James was asked about the “Greek drama” aspect of his career, returning to a place where spurned fans once burned his jersey.

“It don’t matter,” James said. “That’s yesterday’s newspaper. I don’t think anybody’s reading yesterday’s newspaper. They’ll be reading tomorrow that I’m coming home with what I said I was gonna do.”

So is Gilbert, returning to both his towns. His vision of a revitalized Detroit continues to form, as he reveals plans practically daily for more than 80 buildings he controls. That should be what defines him, although helping deliver a title to the most title-bereft city in America isn’t bad, either.

In the raucous Cavaliers locker room, Gilbert celebrated with the team and the rest of his ownership group, donning goggles to protect against the champagne spray.

“I am so happy for the people of Cleveland, Ohio,” Gilbert said to Fox 8 TV. “Over the years, getting letters and emails, people telling me about how their grandparents watched the Browns in ’64. … The hell with that curse ... it’s over! It’s done! I’m so happy, I can’t even describe it.”

Gilbert blamed himself for the fallout after James’ departure, then went about fixing it, flying to Miami when James became a free-agent two years ago. From there to here, they were doubly driven.

Learning from failure

What James did was incredible, as the Cavaliers became the first team to overcome a 3-1 deficit in the NBA Finals. Pick any astonishing number you wish, but this will probably suffice: According to the Elias Sports Bureau, James is the first player to lead all players on both teams — both teams! — in points, rebounds, assists, steals and blocked shots in any playoff series ever.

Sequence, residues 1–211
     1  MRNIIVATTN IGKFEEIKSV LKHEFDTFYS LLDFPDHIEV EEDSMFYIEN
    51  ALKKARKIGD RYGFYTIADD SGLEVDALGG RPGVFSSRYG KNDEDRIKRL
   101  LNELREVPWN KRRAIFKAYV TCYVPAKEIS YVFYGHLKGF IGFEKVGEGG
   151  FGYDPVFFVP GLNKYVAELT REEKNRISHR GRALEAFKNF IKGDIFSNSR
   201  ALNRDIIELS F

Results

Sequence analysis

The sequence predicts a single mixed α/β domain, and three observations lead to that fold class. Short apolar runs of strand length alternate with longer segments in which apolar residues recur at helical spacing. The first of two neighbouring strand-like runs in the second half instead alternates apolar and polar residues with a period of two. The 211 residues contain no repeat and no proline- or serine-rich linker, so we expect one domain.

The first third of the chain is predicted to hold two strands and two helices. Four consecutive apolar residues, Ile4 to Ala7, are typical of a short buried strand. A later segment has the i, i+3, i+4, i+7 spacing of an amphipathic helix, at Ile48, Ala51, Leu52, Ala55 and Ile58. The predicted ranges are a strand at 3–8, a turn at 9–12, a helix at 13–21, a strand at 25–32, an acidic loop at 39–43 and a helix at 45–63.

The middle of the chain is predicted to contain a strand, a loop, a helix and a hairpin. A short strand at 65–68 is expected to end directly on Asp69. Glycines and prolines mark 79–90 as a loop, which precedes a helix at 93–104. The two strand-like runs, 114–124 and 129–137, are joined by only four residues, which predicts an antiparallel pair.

James did a lot by himself, but he didn’t get there all by himself. Kyrie Irving blossomed, and Kevin Love returned to his rebounding ways at the end.

And remember, months earlier, the Cavaliers were a picture of dysfunction. Gilbert and GM David Griffin fired the coach, David Blatt, and installed assistant Tyronn Lue to improve the team’s chemistry.

Gilbert isn’t known as a hands-off owner, or a half-way owner. The Cavaliers had the highest payroll in the NBA at $108 million, and paid an additional $54 million in luxury taxes to add Love and other role players.

And there’s no sign the run will end anytime soon. James likely will opt out of his $24 million contract, but only as a mechanism to assure a higher salary with the Cavaliers. Well removed from one historic breakup, the two key figures now wear the look of fulfillment.

“In today’s world, social media, people get judged so much by the last thing that happened,” Gilbert told late Sunday. “I almost feel in a way, young people get to see that not only is it OK to fail, that’s the way you get to championship success, whether it’s sports or business or life. Everybody made mistakes for years, but by making them, everybody learned — myself, the franchise, coaches, players, LeBron, everybody. And now here we are, only because we learned.”

James defied how he was defined, and so did Gilbert. And now here they are, differences aside, redefined by their competitive similarities.